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Re: Spam in the lists out of control

On Wed, May 12, 2004 at 03:54:23PM +0200, Bas Zoetekouw scribbled:
> Hi Marek!
> You wrote:
> > Really? So there is not a single difference between spam and tmda
> > challenges? So your claim is that every message you do not want to receive
> > is spam, as I understand. 
> IMO any _unsolliced_, automatically generated message is spam, yes.
So, if I receive a mail that appears to be from you and answer asking
you to confirm you sent me the v*agra spam, then it won't be spam (to stress
that, I will type the inquiry mail manually)?

> In the case that your TMDA is trigged by a message that I sent, the TMDA
> challenge is not spam by this definiton.  (Although I would still ignore
> it and put the sender in my blacklist, but that's an unrelated issue.)
That's fine and that's what I'm saying all the time - you can ignore them.

> OTOH, I do consider such a message to be spam in the case that you send
> me a TMDA challenge while I didn't send you a message first.  It is
> _your_ responsibility to ensure that this doesn't happen, not mine to
> filter your spam from my mail.
OK, so how do _I_ know a mail sent with your address that contains some spam
is NOT written by you? I have to ask _you_ - and by asking, I spam you,
since you didn't send the spam. Do I understand well? Whether or not my
question sent to you is automated or typed by me, it would be spam - since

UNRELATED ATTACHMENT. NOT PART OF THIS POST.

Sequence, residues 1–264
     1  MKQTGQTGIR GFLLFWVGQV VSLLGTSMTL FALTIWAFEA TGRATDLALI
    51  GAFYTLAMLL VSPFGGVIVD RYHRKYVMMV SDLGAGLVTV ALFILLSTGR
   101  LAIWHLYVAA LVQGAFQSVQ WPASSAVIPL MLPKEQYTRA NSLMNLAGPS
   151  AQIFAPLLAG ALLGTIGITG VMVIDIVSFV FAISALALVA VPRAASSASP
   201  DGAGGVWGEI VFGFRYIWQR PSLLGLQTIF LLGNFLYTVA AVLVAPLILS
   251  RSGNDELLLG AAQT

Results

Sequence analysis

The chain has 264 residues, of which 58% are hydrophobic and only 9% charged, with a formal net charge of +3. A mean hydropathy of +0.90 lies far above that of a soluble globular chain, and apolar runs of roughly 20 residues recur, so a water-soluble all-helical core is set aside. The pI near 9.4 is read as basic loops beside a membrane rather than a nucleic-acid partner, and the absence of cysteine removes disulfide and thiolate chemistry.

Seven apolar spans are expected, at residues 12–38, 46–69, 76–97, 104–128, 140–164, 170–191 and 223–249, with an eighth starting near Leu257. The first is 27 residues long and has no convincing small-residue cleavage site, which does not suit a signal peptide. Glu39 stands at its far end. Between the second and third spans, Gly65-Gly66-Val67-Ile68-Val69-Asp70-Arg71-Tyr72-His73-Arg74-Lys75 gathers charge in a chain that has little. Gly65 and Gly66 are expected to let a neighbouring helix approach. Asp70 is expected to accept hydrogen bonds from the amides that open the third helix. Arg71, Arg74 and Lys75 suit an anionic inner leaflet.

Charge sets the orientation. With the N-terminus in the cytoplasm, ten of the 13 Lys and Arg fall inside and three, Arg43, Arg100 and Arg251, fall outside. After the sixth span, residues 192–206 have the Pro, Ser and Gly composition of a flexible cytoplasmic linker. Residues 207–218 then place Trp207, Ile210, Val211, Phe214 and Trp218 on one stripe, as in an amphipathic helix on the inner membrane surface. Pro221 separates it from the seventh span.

you didn't write the message I received. Do I understand that correctly?

> > Well, then I would consider 70% of mails on the
> > debian lists spam, since I don't care about various flames that go on on the
> > lists, or "problems" with binary software licenses and other equally
> > irrelevant issues. 
> > And the fact that I subscribed to the debian lists does
> > not mean I _want_ to receive the messages listed above, just the same as the
> > fact I have an email address doesn't mean I want to get spam. 
> This is a bullshit argument.  You are perfectly free to unsubscribe from
> the lists (to which you chose to subscribe in the first place) if you
> don't like their content.  After you unsubscribe, you will get no more
> messages, no bandwidth is wated, no one is annoyed and you won't have to
> filter any messages.
Didn't I write something along those lines above? That it was my choice,
just as it was my choice to have an email address? I could as well say - you
are free to change your email address if you don't like to receive my tmda
challenges. It would be as idiotic as your statement above.

> > Both having
> > the email address and being subscribed to a mailing list is voluntary, and
> > neither means anybody's consent to receive unsolicited mail. So if we take
> > your definition of spam (as seems to be apparent from your assesment that
> > tmda challenges equal v*agra spam) then most of the mail traffic IS spam.
> Yes, indeed, most of the mail traffic is spam.  82% to be precise.
> But no, a mailinglist is not unsolicited mail (regardless of whether or
> not you like the content of the posts), TMDA challenges are, in case they
> are sent in reaction to a spam or virus.
Ok, so let me ask you again, to make it clear. If I _manually_ write a
question to ask you whether you sent a spam to me (to stress it again - it will
NOT be automatically generated by TMDA) and it will contain the same
question TMDA would send, would that be spam?

> > So, is the world still black and white?